Martin rules out coalition with Fine Gael

Voters are tired of politicians in Leinster House talking endlessly about making up numbers, Fianna Fáil leader Micheál Martin declared as he ruled out a coalition with Fine Gael.

His comments came after Agriculture Minister Simon Coveney continued to face reprimand from Government partners Labour for saying he could work with Fianna Fáil after the next election.

One former Labour minister said Mr Coveney’s remarks had “soured” relations with his party and that Taoiseach Enda Kenny needed to make a statement and clear the air.

In an interview with the Irish Examiner published this week, Mr Coveney said Fianna Fáil’s Mr Martin was “very competent”. The Fine Gael director of policy for elections said he had “no ideological problem” forming a coalition with Fianna Fáil if his party could not make up the numbers with Labour after the election.

The remarks provoked fury among not only Labour, but Fine Gael TDs, and were deemed “disloyal” by junior health minister Kathleen Lynch.

However, Mr Martin ruled out any pact with Mr Coveney’s party yesterday, saying: “I’ve said repeatedly Fianna Fáil is not going into government with Sinn Féin and we are not going into government with Fine Gael.

“We’ve had no talks with anybody. Our focus is on getting policies and ideas that can bring solutions to the problems that people face today and to the future.”

Mr Martin, a constituency colleague of Mr Coveney’s in Cork South Central, added: “People get tired of politicians in Leinster House talking endlessly about making up numbers and who will go into coalition with whom. It was surprising in terms of the comments that hemade. He has drawn a lot of ire from others.”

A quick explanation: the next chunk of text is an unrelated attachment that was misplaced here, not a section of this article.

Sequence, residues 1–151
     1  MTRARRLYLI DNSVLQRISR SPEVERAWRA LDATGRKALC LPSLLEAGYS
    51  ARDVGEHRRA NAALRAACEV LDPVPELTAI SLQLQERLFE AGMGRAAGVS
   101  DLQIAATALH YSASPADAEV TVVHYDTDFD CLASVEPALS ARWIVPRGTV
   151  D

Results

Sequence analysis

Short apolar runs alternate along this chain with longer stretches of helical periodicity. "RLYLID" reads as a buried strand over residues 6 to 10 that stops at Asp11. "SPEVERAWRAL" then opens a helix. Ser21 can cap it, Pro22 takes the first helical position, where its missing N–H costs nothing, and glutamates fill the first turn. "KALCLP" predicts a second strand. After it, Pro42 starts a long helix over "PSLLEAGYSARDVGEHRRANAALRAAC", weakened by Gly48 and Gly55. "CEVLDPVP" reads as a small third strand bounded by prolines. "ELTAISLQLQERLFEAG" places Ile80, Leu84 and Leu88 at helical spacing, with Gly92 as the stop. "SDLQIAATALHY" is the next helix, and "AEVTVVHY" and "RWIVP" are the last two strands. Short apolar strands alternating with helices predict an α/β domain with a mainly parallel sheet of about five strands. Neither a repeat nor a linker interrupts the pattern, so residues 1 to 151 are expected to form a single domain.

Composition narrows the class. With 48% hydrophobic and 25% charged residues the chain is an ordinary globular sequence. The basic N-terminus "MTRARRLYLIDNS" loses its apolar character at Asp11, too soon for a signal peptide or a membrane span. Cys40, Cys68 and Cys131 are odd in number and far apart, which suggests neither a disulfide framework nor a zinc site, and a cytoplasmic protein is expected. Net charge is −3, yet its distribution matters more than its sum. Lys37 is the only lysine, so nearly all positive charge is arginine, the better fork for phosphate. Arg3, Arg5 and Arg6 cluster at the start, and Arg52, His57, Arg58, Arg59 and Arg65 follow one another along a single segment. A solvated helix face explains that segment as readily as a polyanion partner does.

Former development minister Joe Costello also criticised the suggestion. “This is going to cause a considerable degree of sourness and could cause friction within the coalition partners,” he said.

“I think it is unhealthy for anybody to be speculating as to what the future partnership might be,” he told RTÉ’s Morning Ireland. “The Labour party has had a difficult time with some Fine Gael ministers in terms of the manner in which they have conducted their business and left a lot of debris behind that had to be picked up, that had to be cleared up.”

Mr Costello suggested Mr Kenny should make it clear he did not stand over Mr Coveney’s comments.

However, some Fine Gael TDs had an open mind . Clare TD Pat Breen said: “People’s views are mixed on this. I certainly think there would be problems with Fianna Fáil, but at the same time one cannot rule out any make up from the next general election, particularly if you want to have political stability.”

Louth TD Fergus O’Dowd said he was ruling nothing out after the next election: “Our Government is working well. Let’s see what the results are and after that let’s look at the options if we don’t have a majority, but I believe that we will have.”

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